The majestic and imposing Nieuwe Kerk in the heart of The Hague is the main venue for this year’s Classical Encounters festival. The Dutch love their chamber music and they love their festivals and Classical Encounters (formerly The Hague international Chamber Music Festival) is only one of half a dozen or more that take place in or around the city throughout the year.
For this year’s festival, artistic director Eva Stegeman has put together a rich and varied programme on the, perhaps unlikely, theme of death under the title Music Never Dies. So what better way to start than with one of the greatest compositions in the chamber music canon, Schubert’s wonderful Quartet No.14 in D-minor Der Tod und das Mädchen, Death and the Maiden.
Written in 1824 to perhaps assuage or confront his own imminent death, Schubert’s piece, as one can quite understand, is full of mood swings – sometimes sad, sometimes pensive and sometimes angry. All these changes were exquisitely expressed by the quartet consisting of Gordon Nikolic and Eva Stegeman on violins, Hannah Stribos on viola and Ursula Smith on cello. They were all excellent but I was particularly impressed by the subtlety and sensitivity of Mr Nikolic on first violin. This was an outstanding performance, enhanced by the atmosphere and fine acoustics of the Nieuwe Kerk.
For the second half, Pieter van Loenen took over on first violin and Sietse-Jan Weijenberg replaced Ms Smith on cello to perform Leoš Janáček’s String Quartet No.1 Kreutzersonate – not to be confused with the Beethoven piece of the same name. Leo Tolstoy had been inspired to write his novella The Kreutzer Sonata by the Beethoven composition and it was from this story that Janáček took his inspiration.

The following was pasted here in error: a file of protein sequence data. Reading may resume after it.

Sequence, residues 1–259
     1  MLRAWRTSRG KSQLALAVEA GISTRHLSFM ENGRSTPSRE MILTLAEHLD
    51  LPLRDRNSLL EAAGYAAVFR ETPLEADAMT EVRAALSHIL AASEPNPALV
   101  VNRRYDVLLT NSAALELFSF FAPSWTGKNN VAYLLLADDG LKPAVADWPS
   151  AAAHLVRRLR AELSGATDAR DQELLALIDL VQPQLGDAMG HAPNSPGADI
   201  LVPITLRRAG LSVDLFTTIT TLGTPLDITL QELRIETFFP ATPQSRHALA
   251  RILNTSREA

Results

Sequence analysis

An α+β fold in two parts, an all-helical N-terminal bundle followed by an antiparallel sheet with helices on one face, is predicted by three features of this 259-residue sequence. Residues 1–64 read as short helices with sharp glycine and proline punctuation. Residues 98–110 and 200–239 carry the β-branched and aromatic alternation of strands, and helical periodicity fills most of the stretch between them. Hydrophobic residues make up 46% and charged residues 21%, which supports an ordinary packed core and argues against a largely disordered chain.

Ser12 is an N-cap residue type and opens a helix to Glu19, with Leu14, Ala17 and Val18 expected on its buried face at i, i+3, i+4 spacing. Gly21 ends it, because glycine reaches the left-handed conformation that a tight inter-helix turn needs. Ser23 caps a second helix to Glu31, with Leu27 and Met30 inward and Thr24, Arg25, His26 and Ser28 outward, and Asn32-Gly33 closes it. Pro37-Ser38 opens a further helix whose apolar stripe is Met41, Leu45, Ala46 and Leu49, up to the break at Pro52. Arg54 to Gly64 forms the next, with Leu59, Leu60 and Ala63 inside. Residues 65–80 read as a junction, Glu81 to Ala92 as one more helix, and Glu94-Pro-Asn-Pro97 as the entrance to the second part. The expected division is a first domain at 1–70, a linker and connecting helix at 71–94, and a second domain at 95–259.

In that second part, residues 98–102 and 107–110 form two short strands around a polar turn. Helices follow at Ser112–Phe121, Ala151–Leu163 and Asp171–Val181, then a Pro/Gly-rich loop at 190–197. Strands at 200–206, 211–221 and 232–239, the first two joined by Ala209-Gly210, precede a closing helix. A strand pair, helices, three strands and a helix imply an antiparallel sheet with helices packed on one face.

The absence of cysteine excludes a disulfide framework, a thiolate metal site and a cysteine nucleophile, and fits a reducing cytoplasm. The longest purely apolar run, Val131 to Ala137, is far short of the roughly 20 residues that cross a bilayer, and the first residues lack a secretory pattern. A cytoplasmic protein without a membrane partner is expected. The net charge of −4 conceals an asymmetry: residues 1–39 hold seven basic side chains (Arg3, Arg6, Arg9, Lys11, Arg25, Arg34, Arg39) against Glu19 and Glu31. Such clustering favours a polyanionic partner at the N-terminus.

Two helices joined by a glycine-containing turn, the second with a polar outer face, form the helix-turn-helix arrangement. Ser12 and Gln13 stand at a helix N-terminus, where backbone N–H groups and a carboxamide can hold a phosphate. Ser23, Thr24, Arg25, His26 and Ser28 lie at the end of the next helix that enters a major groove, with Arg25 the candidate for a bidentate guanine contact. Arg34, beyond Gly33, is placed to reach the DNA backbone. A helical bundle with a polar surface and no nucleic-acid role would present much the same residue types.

However, just as the quartet was about to start, they were rudely interrupted by a member of the audience who stood up and announced he had murdered his wife. Well, as you can imagine, that raised a few eyebrows and involved a bit of uneasy fidgeting. This was compounded when the man took his chair and put it on the stage next to the musician and launched in a tirade about, well . . . carnal desire and jealousy.
By this time it had become clear, to most of us anyway, that this was in fact an actor, Ian Bok, and this was all part of the show. It worked well as a concept, to have each movement of the quartet punctuated by Mr Bok relating the story of Pozdnyshev and his dirty deed. However, there was rather more text than music so that the impression was that it was the text that had been set to music and not the text augmenting the composition. The music became a little too fragmented. Also, although the acoustics in the Kerk are excellent for music, they are not so good for an un-microphoned speaking voice and consequently it was sometimes a bit hard to hear. But, apart from that this was a novel and entertaining performance which got the Festival off to a wonderful start. Michael Hasted 9th May 2019